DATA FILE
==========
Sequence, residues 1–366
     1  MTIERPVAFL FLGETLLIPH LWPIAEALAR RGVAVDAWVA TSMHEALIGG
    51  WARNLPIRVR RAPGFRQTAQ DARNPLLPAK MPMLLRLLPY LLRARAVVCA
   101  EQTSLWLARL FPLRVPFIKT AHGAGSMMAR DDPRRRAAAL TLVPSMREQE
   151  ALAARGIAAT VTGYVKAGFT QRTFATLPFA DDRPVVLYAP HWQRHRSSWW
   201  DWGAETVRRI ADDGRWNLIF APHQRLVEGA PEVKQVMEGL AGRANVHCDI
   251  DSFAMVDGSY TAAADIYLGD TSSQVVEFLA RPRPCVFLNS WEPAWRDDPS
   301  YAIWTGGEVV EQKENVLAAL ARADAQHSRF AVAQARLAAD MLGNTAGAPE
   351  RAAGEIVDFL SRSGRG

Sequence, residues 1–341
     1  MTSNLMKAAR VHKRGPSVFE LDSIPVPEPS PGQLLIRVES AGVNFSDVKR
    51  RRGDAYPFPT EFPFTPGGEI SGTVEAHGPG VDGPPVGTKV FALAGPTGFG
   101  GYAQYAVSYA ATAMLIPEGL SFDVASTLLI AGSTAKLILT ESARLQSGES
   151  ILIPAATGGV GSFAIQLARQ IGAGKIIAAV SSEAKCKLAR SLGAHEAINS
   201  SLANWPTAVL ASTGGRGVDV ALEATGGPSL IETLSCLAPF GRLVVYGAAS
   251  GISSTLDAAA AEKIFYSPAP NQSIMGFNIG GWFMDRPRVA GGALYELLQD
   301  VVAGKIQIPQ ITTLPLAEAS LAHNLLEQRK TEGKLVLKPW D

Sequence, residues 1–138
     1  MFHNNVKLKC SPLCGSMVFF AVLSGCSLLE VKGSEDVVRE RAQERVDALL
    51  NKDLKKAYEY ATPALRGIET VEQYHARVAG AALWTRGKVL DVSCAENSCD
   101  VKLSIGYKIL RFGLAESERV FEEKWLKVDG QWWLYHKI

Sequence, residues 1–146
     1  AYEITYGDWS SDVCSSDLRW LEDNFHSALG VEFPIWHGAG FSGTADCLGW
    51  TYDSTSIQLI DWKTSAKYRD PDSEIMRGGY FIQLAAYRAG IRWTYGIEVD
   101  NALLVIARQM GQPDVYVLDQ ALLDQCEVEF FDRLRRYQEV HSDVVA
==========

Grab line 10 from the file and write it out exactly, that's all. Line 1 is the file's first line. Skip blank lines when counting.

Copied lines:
Sequence, residues 1–341